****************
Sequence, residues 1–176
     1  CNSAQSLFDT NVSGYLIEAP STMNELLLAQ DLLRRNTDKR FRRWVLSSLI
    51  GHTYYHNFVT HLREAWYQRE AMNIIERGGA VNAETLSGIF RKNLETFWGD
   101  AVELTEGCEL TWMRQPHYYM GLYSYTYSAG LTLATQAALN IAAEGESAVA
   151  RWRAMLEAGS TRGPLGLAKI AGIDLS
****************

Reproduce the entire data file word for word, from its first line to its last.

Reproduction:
Sequence, residues 1–176
     1  CNSAQSLFDT NVSGYLIEAP STMNELLLAQ DLLRRNTDKR FRRWVLSSLI
    51  GHTYYHNFVT HLREAWYQRE AMNIIERGGA VNAETLSGIF RKNLETFWGD
   101  AVELTEGCEL TWMRQPHYYM GLYSYTYSAG LTLATQAALN IAAEGESAVA
   151  RWRAMLEAGS TRGPLGLAKI AGIDLS